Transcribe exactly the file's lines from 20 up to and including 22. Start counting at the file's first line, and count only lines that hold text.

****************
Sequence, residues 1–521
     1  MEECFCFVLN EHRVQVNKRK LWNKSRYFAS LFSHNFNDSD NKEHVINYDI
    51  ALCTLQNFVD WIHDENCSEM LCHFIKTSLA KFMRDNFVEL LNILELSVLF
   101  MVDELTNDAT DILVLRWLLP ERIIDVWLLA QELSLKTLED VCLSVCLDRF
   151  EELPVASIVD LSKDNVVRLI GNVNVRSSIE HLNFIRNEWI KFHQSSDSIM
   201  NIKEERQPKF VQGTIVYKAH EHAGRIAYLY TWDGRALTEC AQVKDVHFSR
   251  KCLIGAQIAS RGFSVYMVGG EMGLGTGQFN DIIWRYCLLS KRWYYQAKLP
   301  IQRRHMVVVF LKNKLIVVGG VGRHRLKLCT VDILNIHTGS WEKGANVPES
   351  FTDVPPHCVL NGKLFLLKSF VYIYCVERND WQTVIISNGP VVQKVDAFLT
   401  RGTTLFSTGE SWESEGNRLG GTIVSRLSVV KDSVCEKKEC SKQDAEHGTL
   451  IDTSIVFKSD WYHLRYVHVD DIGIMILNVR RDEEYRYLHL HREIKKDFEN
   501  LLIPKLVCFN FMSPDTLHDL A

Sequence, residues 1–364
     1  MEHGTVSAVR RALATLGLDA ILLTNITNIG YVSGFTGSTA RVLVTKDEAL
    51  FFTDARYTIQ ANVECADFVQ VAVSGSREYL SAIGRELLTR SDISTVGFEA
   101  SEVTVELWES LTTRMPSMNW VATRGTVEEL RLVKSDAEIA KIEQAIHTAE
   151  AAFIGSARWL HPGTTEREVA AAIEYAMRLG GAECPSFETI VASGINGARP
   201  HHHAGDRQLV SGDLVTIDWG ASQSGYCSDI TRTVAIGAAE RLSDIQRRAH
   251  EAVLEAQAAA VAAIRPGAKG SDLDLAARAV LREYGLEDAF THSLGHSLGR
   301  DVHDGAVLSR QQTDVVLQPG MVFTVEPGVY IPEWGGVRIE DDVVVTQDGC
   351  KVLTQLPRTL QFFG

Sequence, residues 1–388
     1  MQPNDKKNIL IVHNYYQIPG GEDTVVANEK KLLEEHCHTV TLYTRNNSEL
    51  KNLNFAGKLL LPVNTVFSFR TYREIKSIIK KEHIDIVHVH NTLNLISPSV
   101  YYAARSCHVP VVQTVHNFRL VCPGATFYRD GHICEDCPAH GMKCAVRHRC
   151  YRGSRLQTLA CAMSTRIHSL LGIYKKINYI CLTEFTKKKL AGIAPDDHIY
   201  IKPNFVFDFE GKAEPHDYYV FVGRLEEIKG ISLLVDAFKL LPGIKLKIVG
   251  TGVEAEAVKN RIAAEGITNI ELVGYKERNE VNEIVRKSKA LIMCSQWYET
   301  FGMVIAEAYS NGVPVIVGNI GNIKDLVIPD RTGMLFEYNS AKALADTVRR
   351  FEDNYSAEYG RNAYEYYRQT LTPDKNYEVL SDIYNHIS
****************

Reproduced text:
   301  DVHDGAVLSR QQTDVVLQPG MVFTVEPGVY IPEWGGVRIE DDVVVTQDGC
   351  KVLTQLPRTL QFFG

Sequence, residues 1–388